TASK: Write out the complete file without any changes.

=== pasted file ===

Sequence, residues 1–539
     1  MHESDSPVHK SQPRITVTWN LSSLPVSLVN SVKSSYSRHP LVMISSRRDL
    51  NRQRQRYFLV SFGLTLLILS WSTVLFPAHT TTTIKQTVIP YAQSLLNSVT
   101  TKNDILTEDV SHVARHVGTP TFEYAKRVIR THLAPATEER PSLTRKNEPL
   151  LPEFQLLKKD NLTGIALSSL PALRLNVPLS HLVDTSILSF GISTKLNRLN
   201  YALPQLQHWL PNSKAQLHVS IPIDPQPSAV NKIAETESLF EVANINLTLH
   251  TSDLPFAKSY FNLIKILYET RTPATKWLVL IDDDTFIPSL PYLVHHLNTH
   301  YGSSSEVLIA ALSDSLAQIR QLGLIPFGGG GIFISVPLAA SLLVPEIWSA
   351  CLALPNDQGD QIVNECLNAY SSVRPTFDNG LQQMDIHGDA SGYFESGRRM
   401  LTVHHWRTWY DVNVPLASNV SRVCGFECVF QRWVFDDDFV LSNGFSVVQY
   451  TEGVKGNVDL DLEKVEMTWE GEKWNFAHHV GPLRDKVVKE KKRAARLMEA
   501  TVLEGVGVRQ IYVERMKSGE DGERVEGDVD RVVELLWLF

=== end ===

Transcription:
Sequence, residues 1–539
     1  MHESDSPVHK SQPRITVTWN LSSLPVSLVN SVKSSYSRHP LVMISSRRDL
    51  NRQRQRYFLV SFGLTLLILS WSTVLFPAHT TTTIKQTVIP YAQSLLNSVT
   101  TKNDILTEDV SHVARHVGTP TFEYAKRVIR THLAPATEER PSLTRKNEPL
   151  LPEFQLLKKD NLTGIALSSL PALRLNVPLS HLVDTSILSF GISTKLNRLN
   201  YALPQLQHWL PNSKAQLHVS IPIDPQPSAV NKIAETESLF EVANINLTLH
   251  TSDLPFAKSY FNLIKILYET RTPATKWLVL IDDDTFIPSL PYLVHHLNTH
   301  YGSSSEVLIA ALSDSLAQIR QLGLIPFGGG GIFISVPLAA SLLVPEIWSA
   351  CLALPNDQGD QIVNECLNAY SSVRPTFDNG LQQMDIHGDA SGYFESGRRM
   401  LTVHHWRTWY DVNVPLASNV SRVCGFECVF QRWVFDDDFV LSNGFSVVQY
   451  TEGVKGNVDL DLEKVEMTWE GEKWNFAHHV GPLRDKVVKE KKRAARLMEA
   501  TVLEGVGVRQ IYVERMKSGE DGERVEGDVD RVVELLWLF